A laboratory scale-model of accretion column onto a highly magnetized dense star

15 June 2016

Scientists from a large international collaboration (Oxford, AWE, CEA, LULI, Observatoire de Paris, University of Michigan, University of York and STFC Rutherford Appleton Laboratory) have succeeded for the first time in generating a laboratory analogue of a strong shock that is generated when matter falls at very high speed on the surface of extremely dense stars called white dwarfs.

Understanding the physics of these astrophysical objects is crucial because they are considered as the possible progenitors of thermonuclear supernovae. These supernovae are used in cosmology to measure the acceleration of the universe expansion that is linked to dark energy. To perform this spectacular astrophysics experiment, the scientists made use of the powerful Orion Laser Facility at Aldermaston (UK) to evaporate a millimetre size target and produce a hot plasma flow for an extremely short duration (less than 100 nanoseconds).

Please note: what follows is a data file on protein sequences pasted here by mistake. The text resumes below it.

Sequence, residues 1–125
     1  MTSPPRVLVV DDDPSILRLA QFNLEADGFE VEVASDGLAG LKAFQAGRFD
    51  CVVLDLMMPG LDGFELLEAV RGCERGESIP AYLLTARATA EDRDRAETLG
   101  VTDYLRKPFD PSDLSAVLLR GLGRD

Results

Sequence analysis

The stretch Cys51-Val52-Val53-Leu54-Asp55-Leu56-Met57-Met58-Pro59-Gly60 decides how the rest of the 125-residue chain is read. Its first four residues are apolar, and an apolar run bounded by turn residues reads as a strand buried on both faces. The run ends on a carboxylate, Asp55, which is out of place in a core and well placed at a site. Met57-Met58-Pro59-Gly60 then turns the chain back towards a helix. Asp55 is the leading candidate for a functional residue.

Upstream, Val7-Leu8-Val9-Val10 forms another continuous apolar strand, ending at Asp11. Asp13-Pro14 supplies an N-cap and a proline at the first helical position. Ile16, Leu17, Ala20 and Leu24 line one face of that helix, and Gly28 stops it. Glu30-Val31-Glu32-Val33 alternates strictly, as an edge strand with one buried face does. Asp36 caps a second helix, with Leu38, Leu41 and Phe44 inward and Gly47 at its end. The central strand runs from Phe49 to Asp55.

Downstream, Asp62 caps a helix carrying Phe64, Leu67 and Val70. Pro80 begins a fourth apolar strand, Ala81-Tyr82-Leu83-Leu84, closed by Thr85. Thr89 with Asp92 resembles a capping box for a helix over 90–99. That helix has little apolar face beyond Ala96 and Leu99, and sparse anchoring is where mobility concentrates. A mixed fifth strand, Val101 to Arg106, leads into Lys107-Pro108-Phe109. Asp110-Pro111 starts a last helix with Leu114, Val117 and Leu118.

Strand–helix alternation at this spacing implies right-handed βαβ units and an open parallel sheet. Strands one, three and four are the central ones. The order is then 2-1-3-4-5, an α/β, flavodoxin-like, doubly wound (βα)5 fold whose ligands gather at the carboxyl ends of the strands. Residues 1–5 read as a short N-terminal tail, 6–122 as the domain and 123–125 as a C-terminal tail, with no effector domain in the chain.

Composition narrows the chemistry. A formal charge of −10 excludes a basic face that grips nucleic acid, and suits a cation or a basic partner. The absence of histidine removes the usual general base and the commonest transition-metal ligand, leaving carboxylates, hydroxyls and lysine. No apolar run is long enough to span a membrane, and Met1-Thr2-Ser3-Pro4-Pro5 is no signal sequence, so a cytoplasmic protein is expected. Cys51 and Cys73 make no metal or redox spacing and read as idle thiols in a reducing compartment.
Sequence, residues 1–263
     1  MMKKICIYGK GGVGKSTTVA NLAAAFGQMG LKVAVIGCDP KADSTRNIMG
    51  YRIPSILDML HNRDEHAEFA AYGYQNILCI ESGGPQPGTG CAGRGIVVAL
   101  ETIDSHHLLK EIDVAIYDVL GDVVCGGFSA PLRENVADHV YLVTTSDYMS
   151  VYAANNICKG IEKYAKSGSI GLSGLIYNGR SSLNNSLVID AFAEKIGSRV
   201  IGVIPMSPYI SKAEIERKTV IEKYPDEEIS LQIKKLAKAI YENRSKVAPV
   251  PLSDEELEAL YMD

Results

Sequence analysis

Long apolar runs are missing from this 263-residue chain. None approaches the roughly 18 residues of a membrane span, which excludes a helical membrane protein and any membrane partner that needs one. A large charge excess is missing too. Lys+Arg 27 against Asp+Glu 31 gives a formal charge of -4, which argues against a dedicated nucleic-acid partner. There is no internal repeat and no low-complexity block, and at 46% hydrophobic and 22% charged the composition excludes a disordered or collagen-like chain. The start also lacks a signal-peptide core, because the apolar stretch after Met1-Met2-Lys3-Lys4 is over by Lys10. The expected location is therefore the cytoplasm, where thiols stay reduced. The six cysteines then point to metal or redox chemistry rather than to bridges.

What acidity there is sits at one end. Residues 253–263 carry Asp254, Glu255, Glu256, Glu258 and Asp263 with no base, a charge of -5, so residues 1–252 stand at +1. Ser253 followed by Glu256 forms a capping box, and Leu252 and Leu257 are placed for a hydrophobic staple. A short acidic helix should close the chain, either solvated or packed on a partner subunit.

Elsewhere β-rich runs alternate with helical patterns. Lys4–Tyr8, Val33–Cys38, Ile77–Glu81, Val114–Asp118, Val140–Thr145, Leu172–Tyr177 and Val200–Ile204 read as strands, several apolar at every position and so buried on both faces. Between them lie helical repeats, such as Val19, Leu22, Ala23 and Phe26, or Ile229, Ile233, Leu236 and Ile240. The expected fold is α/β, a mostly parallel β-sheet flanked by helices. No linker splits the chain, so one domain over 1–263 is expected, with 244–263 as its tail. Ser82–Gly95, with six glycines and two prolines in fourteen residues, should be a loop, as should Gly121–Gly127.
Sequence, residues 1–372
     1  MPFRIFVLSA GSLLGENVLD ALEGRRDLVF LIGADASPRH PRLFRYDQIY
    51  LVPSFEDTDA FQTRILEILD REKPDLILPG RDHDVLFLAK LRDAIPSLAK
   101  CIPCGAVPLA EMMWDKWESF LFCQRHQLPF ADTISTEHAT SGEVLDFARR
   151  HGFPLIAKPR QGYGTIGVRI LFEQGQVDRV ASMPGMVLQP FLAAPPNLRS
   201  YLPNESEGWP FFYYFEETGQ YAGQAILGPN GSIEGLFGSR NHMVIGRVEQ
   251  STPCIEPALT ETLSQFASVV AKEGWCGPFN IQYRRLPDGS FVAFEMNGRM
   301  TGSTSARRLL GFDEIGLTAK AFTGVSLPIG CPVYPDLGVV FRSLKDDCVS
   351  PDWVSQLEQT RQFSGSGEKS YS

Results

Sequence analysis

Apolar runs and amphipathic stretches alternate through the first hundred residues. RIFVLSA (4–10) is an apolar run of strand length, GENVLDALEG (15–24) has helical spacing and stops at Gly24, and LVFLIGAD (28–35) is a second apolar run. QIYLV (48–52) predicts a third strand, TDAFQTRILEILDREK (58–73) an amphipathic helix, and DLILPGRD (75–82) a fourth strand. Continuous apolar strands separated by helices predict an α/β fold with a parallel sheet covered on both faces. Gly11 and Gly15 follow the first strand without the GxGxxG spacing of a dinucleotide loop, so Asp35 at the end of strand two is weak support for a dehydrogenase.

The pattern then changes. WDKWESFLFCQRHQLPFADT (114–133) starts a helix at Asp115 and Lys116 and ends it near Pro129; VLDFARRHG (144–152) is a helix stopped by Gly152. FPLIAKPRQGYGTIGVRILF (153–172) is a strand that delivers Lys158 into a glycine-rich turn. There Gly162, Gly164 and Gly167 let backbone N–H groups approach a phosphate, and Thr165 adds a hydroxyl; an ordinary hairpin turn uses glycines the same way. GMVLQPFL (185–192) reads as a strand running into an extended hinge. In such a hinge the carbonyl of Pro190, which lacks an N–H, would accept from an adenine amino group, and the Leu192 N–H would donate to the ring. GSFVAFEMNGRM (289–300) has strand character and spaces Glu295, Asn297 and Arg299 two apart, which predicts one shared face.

Recent theoretical work has shown that, by using adapted scaling laws, this tiny size experiment can be scaled to its cosmic counterpart making it a valid replicate. Powerful lasers can therefore be used as microscopes to explore, during few nanoseconds, the high-energy radiation processes occurring in astrophysical objects from regions largely unresolved by the most powerful telescopes. The Orion experiment which is the first academic experiment on this facility, confirms that these accretion shocks, which could not be studied in laboratory a few years ago at exact scale, can now be produced commonly in laboratory.

These results are published in Nature Communications [1], with Joseph Cross (DPhil student under Prof Gianluca Gregori supervision) leading author.
They open a way to more complete astrophysical experimentations in the laboratory using the most powerful Megajoule lasers as the National Ignition Facility (NIF) or Laser MegaJoule (LMJ).

[1] “Laboratory analogue of a supersonic accretion column in a binary star system”, J. E. Cross et al., was published in Nature Communications 7, 11899 (2016) and can be viewed here